Taco Robot and Awesome Mom

 

Taco Bell

Today was my crowning achievement of motherhood thus far.

It is not the labor, and delivery-in-the-ambulance.

It is not having raised a reasonably polite, lovely 6-year-old.

It is not having kicked ass as a seriously single single mom for almost 5 years.

No.

What is it?

Not so fast.  Child has decided she likes Taco Bell.  Try as I might, I can’t disabuse her of this notion.

I hate Taco Bell.  I love food, but Taco Bell is not food.  It is cheap, nasty, ridiculous, foul, boring, empty calorie, edible garbage.

But today, nobody else was hungry, and we were out, and we are post-holidays lazy asses, and so we took her to the drive through where she acquired her empty calories, and this.

It is a folder that contains perforated Robot Parts on glossy card stock.

 

These are the scraps

Child is cool, but she’s not patient.  This was a project that required patience.

Drum Roll, Please

So I sat at the table for an hour and put the thing together for her. I folded all the little scores and carefully inserted tabs, and was generally impressed by the cleverness of the product. Especially the bent robot arms. This is a container design masterpiece.

 

Fella has been joking that Child needs me to play with her toys for her.

I did resort to tape for attaching the shoulders to the torso, but otherwise used the tabs.

Near the end of the assembly, it occurred to me that Taco Bell should put a notice on its Robot Lab: Not suitable for children under 30.

And now, I am indispensable to Child for Robot Maintenance.

The instructions were useless. There was no text.  I would’ve liked a warning about the small tabs that would render the robot broken during assembly if accidentally folded.

I credit Mrs. Winslow, my art & paper crafts teacher in High School (to whom I affectionately referred as Planet Winslow) with my abilities in this project.

I wonder how many kids and parents jump ship and throw the whole thing in the trash?

It is a project that requires some specialized training.

This kids’ meal toy is not for the faint of heart or the easily annoyed.

Even when my sweet, polite 6-year-old stood at my elbow, breathing her taco breath into my hair, she exacerbated my mild annoyance at this extreme sports style toss-away toy.

I’ve seen the way other parents are toward their kids in the grocery store.  I know that I am mostly a calm reasonable mom.

Like the woman who sued McDonald’s over her piping-hot-coffee-thigh-burn, I suspect that in a few months, a news item will blip across the American Culture radar that says, “Parents Found Guilty of Homicide, Blame Robot Lab, Sue Taco Bell.”

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The Reading Life: Bossypants

I took this picture. This is a picture of this book as I physically possess it

Here are some facts I learned from reading Bossypants that heightened my girl crush on Tina Fey.

1.  Tina Fey’s first child, Alice (also a cool, old name, like Child’s), is the same age as my child within weeks.

2.  Tina Fey was also an adult virgin.

3.  She loves Williamsport.  Or I extrapolate that she loves Williamsport in that creepy, fan-person way.

4.  She is a good writer, and smart.

5.  She exhausts herself to a greater degree than I do.

6.  She worries about being a working mom, about being rich person, about having a nanny.

But what else?

What is this book?  Is it a memoir?  Is it a collection of essays? Is it a feminist tome?  Is it just funny?

I mean, yes.  It’s funny.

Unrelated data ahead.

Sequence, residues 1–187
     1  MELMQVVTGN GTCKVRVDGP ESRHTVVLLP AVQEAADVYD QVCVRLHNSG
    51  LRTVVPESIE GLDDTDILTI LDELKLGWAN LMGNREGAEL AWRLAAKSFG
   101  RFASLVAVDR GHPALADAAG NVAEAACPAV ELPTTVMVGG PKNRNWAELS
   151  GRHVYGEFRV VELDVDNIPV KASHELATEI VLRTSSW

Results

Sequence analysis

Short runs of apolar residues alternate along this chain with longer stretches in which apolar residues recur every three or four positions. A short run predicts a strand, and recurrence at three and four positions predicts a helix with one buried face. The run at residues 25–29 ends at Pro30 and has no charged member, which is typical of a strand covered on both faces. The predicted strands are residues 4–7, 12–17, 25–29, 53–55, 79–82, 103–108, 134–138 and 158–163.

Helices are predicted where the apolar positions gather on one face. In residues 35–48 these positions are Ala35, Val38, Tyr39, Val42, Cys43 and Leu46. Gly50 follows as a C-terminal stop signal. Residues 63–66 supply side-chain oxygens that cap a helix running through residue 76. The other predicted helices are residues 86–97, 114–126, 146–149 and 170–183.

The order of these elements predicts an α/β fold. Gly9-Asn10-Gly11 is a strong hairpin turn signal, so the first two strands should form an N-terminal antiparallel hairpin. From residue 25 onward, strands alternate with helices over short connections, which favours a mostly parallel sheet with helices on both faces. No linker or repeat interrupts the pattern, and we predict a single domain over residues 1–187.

But that’s really all it is.  It’s not especially challenging or literary.  It does not reveal great truths, and often I found myself kind of both appreciating and getting worn out by Fey’s neurosis.

I enjoyed reading it, yes.  And reading it the same year it was published (by only 2 days, but still), is a luxury indeed.  A luxury I hope to have with more books in the very near future.

It also reminded me why my work with Billtown Blue Lit is so very, very important. More on this after the last heading.

Best Parts

The first third and last eighth were the best.  The first third was about Tina Fey’s childhood and journey through adult virginity and Chicago improv and landing as a writer for SNL.

The last eighth was about her current family, her relationship with motherhood, traveling across PA and OH at the holidays, and whether or not she should have another baby.

Those parts of the book were honest and funny and they made Tina Fey like a real person with whom I would like to have lunch  in ways that are brave for a public figure.

The middle remaining fraction (I am not good at math) had some good jokes, but it was about a world that only about 1,000 (this estimate is based on nothing, the point is it’s a small percentage of the actual population) people in the world will ever encounter: the world of making TV.

I enjoyed making the connections between the stories she tells in the book and episodes of 30Rock, in particular the pee jars.  And I found her pretty constant amazement that she gets to keep making this super smart, weird show to be refreshing and sweet.  It made me think that Tina Fey is humble.

I also particularly enjoyed the chapter about the photo shoot, though it was a little like reading about visiting the Moon.  There is no universe in which I will ever be a Moon-goer.

People who get to write books by popular demand

So Tina Fey is a writer in real life, and that’s the only reason I’ve read this book.  Will I ever read a book by Karadashians or by Snookie?  No.  But Tina Fey is also like Karadashians and Snookie in that she is a public figure who is also a pretty, young (in regular people years) woman.

She wrote the book because her agent or publicist or somebody told her she should.  Because her fans wanted to read it, and because Sarah Palin also wrote a book, and that matters to people who have no powers of logic.